As well, I'd wonder if any aspects of the M-19 experience might be applied in the FARC case. Could (or would) someone like Navarro Wolf play a part in some sort of negotiation process to bring FARC in from the cold (or properly, the jungle)?I think it would do some good if the Left in general would start calling for the disarmament of the FARC. The very existence of the FARC as a guerrilla force is a liability for the entire Latin American Left. Firstly, the FARC provides a pretext for the U.S. to intervene in the region and to set up military bases that nobody in the Left wants. Second, the Colombian right can use the existence of the FARC as an excuse to engage in all manner of atrocities against non-combatants. Third, the FARC contributes to a damaging image of the Left as a force of violence and disorder. There are some important historical lessons we can draw upon to clarify the point. 15 years ago, when Peru was still fighting the Shining Path, most Peruvians would tolerate all manner of atrocities and repression in the name of defeating the guerrillas. Today, Alberto Fujimori is in prison, and most Peruvians recognize much of horrors that took place under his watch. So the lesson is that, if people really want the Uribe types to be disgraced --and perhaps even brought to justice one day-- for their complicity in some of the most horrid atrocities, the first thing that needs to happen is for the FARC to disarm and to thereby deprive the Colombian right of the foil that it uses to garner popular consent for its sheer brutality and retrograde politics.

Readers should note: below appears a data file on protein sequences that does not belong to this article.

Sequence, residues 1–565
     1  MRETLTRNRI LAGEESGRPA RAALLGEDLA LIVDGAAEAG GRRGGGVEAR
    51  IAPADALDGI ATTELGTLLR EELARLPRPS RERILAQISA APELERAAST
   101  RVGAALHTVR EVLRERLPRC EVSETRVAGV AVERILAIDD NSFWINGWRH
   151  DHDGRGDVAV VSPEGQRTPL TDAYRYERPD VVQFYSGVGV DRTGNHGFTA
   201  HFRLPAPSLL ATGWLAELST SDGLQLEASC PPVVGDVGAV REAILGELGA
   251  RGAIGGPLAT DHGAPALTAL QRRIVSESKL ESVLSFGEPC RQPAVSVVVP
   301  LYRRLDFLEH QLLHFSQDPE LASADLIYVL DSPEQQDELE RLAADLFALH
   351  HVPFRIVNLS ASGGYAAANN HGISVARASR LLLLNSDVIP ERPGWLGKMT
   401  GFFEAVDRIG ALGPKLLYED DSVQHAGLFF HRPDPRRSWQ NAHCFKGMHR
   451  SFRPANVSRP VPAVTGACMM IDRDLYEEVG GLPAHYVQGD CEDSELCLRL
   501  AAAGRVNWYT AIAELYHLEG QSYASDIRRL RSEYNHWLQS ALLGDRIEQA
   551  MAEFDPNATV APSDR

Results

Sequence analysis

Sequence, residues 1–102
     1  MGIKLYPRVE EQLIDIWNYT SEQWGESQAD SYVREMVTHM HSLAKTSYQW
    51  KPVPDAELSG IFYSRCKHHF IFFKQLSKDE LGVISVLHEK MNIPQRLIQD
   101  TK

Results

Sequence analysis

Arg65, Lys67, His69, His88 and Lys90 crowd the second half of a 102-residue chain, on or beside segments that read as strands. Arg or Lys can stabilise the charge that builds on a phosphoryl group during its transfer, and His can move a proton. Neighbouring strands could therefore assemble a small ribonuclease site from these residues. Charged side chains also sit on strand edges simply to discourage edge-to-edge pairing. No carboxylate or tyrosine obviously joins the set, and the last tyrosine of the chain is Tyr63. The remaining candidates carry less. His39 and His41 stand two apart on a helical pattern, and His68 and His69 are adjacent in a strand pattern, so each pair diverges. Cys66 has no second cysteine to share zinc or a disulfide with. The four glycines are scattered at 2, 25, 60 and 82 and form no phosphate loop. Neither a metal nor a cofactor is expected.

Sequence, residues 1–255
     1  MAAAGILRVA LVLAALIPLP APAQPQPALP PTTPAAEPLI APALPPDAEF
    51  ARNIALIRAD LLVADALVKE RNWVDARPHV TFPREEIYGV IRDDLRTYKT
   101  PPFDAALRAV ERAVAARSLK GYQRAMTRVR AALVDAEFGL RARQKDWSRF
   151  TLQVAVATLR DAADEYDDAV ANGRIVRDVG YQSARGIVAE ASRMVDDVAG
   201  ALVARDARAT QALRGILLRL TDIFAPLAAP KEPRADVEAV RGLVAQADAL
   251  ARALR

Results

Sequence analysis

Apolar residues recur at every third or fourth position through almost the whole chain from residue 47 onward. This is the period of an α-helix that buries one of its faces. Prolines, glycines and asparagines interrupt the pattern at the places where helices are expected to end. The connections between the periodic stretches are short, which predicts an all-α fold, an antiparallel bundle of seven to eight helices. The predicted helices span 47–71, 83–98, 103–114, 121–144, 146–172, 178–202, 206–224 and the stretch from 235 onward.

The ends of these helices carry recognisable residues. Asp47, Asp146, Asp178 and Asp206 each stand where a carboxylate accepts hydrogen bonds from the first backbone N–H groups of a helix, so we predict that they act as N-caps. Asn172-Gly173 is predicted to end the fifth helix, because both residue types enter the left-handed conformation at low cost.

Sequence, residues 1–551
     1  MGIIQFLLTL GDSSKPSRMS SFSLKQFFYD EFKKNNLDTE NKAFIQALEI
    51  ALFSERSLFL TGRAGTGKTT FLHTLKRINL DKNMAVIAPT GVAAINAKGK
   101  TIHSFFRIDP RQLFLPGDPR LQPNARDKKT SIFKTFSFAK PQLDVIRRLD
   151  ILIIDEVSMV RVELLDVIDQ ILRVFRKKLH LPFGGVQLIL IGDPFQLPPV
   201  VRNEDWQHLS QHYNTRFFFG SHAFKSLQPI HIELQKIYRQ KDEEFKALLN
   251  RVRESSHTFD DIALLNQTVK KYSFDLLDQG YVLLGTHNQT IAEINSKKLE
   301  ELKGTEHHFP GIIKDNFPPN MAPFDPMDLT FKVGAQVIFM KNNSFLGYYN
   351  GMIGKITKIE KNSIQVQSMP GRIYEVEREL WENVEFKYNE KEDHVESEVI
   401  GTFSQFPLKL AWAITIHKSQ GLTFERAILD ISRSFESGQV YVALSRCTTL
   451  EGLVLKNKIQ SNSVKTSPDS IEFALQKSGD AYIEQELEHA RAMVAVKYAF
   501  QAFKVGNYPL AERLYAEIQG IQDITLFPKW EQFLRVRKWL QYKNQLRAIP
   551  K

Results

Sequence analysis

Still no real acknowledgement from Boli-Nica that the Colombian right shares a huge burden of responsibility for the long cycle of political violence in Colombian society. The FARC also shares a huge burden of responsibility, but that's not the whole story. If you go back to the very beginning of la violencia (which gave birth to the FARC), you'll find that the cycle of political violence had its roots in the out-and-out fascist politics of a significant segment of the Colombian ruling class, led by Laureano Gomez. Unfortunately, the ghosts of Laureano Gomez are swirling all about in modern-day Colombia.